### Pride cometh ...

Jun. 19th, 2012 05:00 pm(Section 1.2, 1.3)

Started out by getting groups of students to present their answers to the worksheet problems that we didn’t finish yesterday. Groups of three or four, with one student in charge of writing it up on the board, one in charge of talking us through it, and the others there for moral support. Seemed to work well; encouraged the watching students to ask questions, and suggest alternative answers if they did things differently.

Then I talked way too much. It was a real lesson to see the difference in the students’ faces compared with when they were discussing things and talking amongst themselves about the worksheet problems. I’ve asked them to read the sections that will be covered each day, and make notes, so that it’s not all new and I can go through it relatively quickly. I asked questions as I went along, and did get good responses, but they still looked passive and bored. I'd been talking about measuring length - the concepts that go into teaching this at various grades, what students are expected to know when - and I was going to go on to talk about measuring weight and capacity - the next two sections - but realised that I'd completely lose the class. Instead I got half the class to put together a presentation on teaching weight, using the framework for teaching length that I'd put up on the board, which was in fact a general framework for teaching measurement (Introduce the concepts of units - with hands on experiments- and why they're useful. Introduce standard units, and how to choose the appropriate unit for a particular measurement. Express a measurement as a multiple of the chosen unit. Do problems.) Then other half of the class taught the measuring capacity bit. It worked much better - and there was much hilarity, since I'm completely metric, and they're completely customary. We swapped hints about how to estimate different weights, and worked together to come up with ways to estimate conversions.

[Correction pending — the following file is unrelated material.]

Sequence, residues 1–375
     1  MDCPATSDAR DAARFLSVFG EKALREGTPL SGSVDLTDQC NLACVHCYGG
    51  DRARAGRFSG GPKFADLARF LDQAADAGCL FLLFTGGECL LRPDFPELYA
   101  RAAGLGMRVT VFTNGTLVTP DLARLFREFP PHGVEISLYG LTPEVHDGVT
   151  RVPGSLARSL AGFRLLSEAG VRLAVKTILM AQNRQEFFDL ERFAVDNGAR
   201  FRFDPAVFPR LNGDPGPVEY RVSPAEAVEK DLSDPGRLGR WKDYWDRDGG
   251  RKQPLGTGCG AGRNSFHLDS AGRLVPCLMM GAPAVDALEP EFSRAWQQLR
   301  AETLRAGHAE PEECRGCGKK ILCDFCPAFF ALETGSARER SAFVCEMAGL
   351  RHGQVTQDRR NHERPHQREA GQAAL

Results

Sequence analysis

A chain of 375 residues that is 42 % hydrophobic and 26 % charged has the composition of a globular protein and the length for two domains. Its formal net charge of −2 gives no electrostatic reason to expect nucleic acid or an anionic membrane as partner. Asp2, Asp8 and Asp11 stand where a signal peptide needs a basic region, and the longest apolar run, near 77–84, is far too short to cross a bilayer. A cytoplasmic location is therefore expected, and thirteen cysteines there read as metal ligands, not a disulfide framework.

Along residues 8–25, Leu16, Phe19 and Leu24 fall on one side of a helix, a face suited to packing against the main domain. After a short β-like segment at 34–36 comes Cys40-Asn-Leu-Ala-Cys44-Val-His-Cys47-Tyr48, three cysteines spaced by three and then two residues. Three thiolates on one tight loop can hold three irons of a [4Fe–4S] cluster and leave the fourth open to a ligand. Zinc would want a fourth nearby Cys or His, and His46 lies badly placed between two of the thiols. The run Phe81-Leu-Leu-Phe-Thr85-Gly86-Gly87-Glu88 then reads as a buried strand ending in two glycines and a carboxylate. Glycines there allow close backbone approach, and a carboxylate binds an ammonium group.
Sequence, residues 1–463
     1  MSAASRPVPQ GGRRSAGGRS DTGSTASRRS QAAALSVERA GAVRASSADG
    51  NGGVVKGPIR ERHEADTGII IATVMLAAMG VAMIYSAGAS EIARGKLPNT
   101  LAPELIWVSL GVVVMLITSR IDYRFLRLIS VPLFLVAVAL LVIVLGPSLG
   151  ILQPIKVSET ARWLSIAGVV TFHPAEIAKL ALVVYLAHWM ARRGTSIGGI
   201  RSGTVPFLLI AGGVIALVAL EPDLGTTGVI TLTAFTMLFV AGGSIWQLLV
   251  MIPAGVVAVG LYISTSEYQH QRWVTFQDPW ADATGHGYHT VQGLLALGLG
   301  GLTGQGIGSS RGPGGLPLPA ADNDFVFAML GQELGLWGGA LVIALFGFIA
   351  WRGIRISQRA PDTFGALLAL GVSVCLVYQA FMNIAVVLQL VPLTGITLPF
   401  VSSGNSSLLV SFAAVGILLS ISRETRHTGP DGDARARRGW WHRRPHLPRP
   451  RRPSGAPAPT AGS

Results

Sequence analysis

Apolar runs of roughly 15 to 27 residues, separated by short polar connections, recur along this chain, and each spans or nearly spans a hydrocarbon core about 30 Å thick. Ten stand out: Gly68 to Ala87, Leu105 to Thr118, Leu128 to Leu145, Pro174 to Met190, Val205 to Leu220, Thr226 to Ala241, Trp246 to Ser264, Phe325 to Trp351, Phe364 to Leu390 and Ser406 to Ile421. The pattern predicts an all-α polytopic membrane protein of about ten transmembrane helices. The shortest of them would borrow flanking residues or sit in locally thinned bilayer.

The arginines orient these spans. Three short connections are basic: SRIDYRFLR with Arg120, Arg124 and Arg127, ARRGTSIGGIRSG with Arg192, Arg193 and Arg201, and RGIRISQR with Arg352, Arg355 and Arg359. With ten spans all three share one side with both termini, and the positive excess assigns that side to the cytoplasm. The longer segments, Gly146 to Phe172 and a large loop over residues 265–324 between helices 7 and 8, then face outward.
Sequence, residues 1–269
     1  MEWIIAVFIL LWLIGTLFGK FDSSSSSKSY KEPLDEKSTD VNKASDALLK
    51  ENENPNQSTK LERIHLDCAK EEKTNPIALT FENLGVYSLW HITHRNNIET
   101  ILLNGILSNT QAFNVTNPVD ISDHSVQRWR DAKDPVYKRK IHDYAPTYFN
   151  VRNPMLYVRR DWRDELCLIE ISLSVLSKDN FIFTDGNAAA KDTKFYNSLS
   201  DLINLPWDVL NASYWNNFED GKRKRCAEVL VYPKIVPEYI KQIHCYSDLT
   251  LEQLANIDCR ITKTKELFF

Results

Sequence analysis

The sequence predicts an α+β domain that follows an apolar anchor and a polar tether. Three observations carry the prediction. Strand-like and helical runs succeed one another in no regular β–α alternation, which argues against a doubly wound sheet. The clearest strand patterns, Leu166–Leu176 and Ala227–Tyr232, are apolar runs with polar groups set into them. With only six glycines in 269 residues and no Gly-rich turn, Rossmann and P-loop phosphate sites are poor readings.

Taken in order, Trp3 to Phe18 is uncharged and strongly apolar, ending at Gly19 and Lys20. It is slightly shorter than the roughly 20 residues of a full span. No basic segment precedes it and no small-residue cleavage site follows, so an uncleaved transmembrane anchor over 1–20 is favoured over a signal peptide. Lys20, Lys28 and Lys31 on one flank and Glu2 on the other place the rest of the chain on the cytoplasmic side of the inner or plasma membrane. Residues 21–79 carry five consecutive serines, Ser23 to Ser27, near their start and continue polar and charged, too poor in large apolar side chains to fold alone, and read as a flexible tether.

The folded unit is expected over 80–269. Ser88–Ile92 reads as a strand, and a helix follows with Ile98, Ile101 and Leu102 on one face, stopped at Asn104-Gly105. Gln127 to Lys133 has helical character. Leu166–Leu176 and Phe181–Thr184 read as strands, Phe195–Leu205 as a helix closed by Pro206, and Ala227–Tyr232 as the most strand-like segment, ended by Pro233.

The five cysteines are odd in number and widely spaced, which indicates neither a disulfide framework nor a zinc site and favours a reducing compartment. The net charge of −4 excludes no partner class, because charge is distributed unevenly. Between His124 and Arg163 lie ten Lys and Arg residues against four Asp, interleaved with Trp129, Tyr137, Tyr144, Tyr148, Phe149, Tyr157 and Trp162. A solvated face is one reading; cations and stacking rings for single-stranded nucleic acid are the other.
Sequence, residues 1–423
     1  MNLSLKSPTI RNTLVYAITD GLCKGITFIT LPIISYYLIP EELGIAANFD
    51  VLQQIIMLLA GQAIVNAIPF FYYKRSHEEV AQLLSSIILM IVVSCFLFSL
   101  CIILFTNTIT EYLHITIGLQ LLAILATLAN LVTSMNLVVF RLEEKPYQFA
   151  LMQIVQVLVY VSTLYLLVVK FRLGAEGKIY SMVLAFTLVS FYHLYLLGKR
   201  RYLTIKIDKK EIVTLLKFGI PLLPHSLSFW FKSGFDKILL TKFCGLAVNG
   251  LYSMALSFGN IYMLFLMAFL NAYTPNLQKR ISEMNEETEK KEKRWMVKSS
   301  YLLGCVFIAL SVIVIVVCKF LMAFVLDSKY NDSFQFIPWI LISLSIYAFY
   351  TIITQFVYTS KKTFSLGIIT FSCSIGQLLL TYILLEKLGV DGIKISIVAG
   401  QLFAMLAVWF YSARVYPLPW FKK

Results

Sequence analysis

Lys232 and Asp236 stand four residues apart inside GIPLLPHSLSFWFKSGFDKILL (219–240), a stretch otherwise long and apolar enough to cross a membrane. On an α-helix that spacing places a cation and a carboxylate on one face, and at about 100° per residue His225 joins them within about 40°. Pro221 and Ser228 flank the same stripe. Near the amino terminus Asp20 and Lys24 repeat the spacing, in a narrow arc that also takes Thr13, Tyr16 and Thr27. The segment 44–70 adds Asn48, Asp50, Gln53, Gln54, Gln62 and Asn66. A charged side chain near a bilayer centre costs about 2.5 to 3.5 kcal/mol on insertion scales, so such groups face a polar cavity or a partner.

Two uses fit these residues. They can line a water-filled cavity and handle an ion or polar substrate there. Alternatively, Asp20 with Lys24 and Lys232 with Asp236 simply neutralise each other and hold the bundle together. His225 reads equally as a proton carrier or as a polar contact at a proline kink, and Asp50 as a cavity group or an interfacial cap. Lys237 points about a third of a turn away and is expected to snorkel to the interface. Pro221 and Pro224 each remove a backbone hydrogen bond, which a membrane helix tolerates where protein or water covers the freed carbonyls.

Oh, and I started a new thing: each day someone will volunteer to be the chief note-taker, and will give me an at-most two page summary of what was covered the following day, which I’ll post on the wiki.

I also explained about the mysterious ‘quiz question’ question on the homework: every week, as part of their homework, they need to put together a potential quiz question for their classmates on some aspect of the week’s material, give a short description of what it’s testing and how, and write a ‘Teacher’s Solution’ with point allocation. They perked up and seemed enthusiastic, and said no-one’s every asked them to do that before, so yay! I wonder what I’ll get on Thursday with the first batch of homework. I told them a little about GeoGebra (which I have to say is just about the awesomest piece of free software I’ve ever found - go and check it out, math people. It rocks.), and suggested that they might want to play with it to make their quizzes. They looked skeptical. I’d like to run a tutorial on it in the computer lab because I think it could be a fun teaching tool, but I think I’ll leave that for another semester, after I’ve got the hang of things…